Gilmore Girls debuted in the fall of 2000 and I was hooked. Along with the storylines, quick dialogue, and snappy cultural references, I was fascinated with their New England town. Stars Hollow is one of the principal characters of the show; a small town with an open mind, populated by unusual people, and filled with unique cultural opportunities. Stars Hollow is also a haven, source of strength, and a place for self-discovery.
I desperately wanted to live there but I didn’t know how.
When my kids were young, we moved a lot.My eighteen year old has lived in ten houses in five towns in two states. Somewhere around the fifth move, I stopped to analyze my deep love of Stars Hollow and it’s elusiveness in my life. What was I missing? It was years (and several moves) later when I discovered that I do live in Stars Hollow. More than a place on a map, my arrival in Stars Hollow was also about my heart. I find myself here not only because I live in a small town with many of the physical attributes of Stars Hollow (and a parade, festival, art show, recital, or concert every month of the year), but because I welcome my community to play a role in my life and I look for opportunities to return the favor. My town has become the place where I have hit my stride personally and professionally. It’s where I feel safe. It is home.
Here are four signs that I live in Stars Hollow. Maybe you do too.
I know their stories and they know mine.
Everyone has a story about how you got here, why you stayed here, what draws you in, inspires you, and motivates you. I love taking the time to listen to the stories of my customers, city officials, swim team parents, favorite boutique owners and have those shared stories transform us into friends. Knowing their connections to each other and to me gives me a sense of security for my family.
My community has a starring role.
Middle schooler not having a good day? Chances are, someone who loves her already knows and has offered her a shoulder/ear/quiet room. They may or may not let me know and I have to be okay with that. My kids need advocates beyond their parents. Having faith that my community has our backs means we aren’t alone. It also allows me the chance to be that shoulder/ear/quiet room for someone else. Community participation is deeper than showing up for parades and free hot dogs (but those are fun). It means diving in deep, getting messy, and loving beyond my circle.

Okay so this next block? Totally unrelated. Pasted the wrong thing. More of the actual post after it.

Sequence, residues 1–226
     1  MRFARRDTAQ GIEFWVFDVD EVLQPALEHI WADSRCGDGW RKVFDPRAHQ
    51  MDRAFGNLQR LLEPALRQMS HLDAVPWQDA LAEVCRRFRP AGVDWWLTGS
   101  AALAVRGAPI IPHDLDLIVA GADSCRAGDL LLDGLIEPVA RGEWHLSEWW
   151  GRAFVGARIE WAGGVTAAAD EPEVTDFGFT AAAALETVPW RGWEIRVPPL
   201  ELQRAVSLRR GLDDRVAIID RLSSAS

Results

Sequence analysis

I get so I give.
I have safety nets provided by my community and I participate in kind. There is also a financial cost for this lifestyle, such as donating to school drives, the Chamber, or the Y. If I can shop local, I do because not only is that business a major part of my lifestyle, but the business owners are too.
I have a gazebo and a Luke’s.
Yes, we have actual gazebos in our parks and I can name several restaurants in town where we are greeted by name, and the coffee shop knows my favorite drink. While real life has no fade-to-black-through-the-restaurant-window-while-the-snow-falls moments, we do have places within our town where the four of us can connect to each other. We have places where we celebrate good grade cards, nurse bad days, and where life slows down.
Whether it was this place that gave me contentment, my age, or life experiences, I don’t know. But I find peace and joy on every level within my community. I am so thankful to have arrived in Stars Hollow at last.